A CNBC reporter since 1990, Bob Pisani has reported on Wall Street and the stock market from the floor of the New York Stock Exchange for more than a decade. Pisani covered the real estate market for CNBC from 1990-1995, then moved on to cover corporate management issues before moving to the New York Stock Exchange in 1997.
He was nominated twice for a "CableACE Award"—in 1993 and 1995.
In 2013, he won Third Place in the National Headliner Awards in the Business and Consumer Reporting category for his documentary on the diamond business, "The Diamond Rush."
In 2014, Bob was honored with a Recognition Award from the Market Technicians Association for "steadfast efforts to integrate technical analysis into financial decision making, journalism and reporting."
Prior to joining CNBC, Pisani co-authored "Investing in Land: How to Be a Successful Developer." He and his father taught a course in real estate development at the Wharton School of Business at the University of Pennsylvania from 1987-1992. Pisani learned the real estate business from his father, Ralph Pisani, a retired real estate developer.
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On Friday, stocks are holding onto modest gains. The news the government is extending $17.4 billion in loans to Chrysler and General Motors was well received at the open, but markets haven't been able to sustain those gains. Retailers are acting squirrely on concerns about weak Christmas spending, and financials are mixed after Standard & Poor's cut its outlook and ratings on 12 major banks. One thing giving traders hope: the continued slide in the VIX.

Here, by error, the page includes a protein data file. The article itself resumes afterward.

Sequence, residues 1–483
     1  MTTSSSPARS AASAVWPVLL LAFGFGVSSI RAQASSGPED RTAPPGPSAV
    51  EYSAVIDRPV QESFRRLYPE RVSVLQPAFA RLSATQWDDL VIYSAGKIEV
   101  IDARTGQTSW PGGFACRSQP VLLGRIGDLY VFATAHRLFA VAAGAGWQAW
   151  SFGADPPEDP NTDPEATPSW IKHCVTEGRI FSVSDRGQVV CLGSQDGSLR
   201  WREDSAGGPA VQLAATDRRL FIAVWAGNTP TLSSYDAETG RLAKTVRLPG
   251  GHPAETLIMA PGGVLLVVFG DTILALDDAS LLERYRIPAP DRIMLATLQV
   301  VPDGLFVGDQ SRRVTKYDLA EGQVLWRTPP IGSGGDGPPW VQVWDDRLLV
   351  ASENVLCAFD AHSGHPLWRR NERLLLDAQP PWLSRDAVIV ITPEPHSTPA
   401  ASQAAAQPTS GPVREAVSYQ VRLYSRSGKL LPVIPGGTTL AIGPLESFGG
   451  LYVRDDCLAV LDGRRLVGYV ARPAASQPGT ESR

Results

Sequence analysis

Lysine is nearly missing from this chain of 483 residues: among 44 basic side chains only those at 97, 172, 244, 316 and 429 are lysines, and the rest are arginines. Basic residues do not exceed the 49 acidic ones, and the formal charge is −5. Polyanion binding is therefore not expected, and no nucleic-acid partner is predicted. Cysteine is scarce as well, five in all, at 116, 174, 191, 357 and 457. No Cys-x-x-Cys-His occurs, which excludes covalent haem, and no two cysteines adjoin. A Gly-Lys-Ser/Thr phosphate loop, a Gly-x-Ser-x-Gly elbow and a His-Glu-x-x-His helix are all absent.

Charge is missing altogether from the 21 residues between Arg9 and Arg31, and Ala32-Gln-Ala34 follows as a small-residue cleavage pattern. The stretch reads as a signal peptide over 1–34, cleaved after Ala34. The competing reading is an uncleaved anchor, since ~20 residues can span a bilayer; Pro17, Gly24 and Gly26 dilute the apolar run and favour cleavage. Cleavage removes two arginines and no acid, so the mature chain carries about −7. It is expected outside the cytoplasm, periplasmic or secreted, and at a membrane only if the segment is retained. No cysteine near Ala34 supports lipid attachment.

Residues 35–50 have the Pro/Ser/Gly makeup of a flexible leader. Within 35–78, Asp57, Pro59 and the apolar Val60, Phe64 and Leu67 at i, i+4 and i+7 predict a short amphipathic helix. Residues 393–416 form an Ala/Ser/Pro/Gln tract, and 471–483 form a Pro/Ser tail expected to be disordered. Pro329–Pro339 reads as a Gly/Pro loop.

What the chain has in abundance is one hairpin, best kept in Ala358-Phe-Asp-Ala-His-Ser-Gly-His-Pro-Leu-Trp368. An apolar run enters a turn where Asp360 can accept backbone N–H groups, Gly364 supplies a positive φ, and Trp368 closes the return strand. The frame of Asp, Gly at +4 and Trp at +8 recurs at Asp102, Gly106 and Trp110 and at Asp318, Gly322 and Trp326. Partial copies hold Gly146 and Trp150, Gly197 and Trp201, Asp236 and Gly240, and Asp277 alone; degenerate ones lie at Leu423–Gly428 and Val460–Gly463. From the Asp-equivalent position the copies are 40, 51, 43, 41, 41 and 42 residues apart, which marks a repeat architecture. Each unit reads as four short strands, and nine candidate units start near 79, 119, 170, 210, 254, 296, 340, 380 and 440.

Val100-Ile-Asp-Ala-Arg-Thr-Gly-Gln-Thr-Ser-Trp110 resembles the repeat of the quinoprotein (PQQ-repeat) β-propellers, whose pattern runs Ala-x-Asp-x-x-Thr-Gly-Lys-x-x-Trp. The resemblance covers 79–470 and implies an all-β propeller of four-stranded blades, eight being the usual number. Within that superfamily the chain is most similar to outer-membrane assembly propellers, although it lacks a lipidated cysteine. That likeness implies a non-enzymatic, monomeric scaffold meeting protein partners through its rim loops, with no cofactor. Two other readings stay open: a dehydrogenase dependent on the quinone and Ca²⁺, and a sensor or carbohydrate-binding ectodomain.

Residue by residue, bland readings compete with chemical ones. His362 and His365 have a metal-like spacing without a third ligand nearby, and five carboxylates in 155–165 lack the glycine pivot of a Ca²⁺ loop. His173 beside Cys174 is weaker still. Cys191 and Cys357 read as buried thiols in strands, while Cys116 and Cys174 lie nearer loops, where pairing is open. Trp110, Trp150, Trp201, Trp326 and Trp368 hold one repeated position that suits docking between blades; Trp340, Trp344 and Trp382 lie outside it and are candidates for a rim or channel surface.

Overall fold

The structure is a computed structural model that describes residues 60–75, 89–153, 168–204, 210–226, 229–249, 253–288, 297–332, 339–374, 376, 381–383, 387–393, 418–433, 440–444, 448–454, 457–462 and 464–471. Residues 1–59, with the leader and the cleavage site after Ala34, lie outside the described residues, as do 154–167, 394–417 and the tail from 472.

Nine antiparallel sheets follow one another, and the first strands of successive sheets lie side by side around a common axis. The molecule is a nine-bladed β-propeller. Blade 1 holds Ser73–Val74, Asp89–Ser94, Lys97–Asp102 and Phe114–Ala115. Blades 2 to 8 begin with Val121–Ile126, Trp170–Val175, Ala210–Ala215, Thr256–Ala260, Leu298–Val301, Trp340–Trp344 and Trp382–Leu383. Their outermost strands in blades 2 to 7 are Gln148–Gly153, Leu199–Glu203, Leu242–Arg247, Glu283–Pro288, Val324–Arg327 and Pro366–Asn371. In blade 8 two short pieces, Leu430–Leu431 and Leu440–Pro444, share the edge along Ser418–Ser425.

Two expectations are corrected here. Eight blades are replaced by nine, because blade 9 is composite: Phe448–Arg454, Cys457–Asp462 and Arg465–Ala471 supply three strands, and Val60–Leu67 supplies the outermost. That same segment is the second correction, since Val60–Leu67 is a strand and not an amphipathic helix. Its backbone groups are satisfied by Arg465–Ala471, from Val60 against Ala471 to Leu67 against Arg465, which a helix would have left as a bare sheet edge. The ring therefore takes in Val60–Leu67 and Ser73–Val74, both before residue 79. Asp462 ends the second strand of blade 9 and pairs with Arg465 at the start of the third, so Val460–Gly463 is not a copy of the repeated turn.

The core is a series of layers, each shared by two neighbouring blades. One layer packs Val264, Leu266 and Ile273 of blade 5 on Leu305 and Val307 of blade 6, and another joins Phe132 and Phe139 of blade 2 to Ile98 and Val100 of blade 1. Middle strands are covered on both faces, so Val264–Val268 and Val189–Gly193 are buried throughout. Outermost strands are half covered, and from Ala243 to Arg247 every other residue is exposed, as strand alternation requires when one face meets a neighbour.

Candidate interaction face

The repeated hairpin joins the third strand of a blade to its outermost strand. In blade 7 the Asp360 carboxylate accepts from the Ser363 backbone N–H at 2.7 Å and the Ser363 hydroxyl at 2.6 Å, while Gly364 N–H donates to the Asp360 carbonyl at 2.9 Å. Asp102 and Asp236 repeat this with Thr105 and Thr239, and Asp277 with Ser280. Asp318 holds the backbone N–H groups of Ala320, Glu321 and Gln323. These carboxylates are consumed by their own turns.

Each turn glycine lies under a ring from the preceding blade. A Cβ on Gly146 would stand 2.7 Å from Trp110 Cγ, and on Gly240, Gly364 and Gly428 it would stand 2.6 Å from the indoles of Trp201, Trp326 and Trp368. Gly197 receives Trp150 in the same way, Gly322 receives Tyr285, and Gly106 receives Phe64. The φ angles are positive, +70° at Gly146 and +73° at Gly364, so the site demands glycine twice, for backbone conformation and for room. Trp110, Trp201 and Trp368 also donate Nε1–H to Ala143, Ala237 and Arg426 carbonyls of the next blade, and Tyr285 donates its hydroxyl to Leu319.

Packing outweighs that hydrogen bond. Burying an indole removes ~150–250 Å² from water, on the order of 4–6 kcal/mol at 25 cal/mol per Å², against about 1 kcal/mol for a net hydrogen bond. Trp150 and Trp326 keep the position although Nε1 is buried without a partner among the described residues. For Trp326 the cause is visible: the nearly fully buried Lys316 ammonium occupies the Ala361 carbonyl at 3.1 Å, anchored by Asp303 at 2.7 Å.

In the boring world of Fed statements, this one was an eye-opener, indeed potentially historic. It was different in tone AND content from other Fed statements. How different? Traders on the floor looked a bit confused as they tried to parse through a lot of headlines that sounded very different from previous statements.
As expected, Goldman reported significantly losses in Principal Investments (including $961 million from losses in commercial real estate), and a $631 million loss due to the decline in value of their investment in International and Commercial Bank of China.
Retailers struggle with elevated promotions, nimble competitors and kids' preference of tech over clothes.
It's the biggest complaint of the trading community this year: where has all the volume gone?
Alibaba filed an amended statement this morning, but investors are still waiting to see the IPO terms.
Emerging markets are gathering steam, a sign of the U.S. rally's global heft.
Bank of America asked a federal judge to throw out a verdict finding it liable for fraud over defective mortgages sold by its Countrywide unit.
An influential U.S. financial services industry group is downplaying concerns about possible breaches at JPMorgan Chase and other banks.
Since 1950, September is the worst performing month for the S&P 500 index.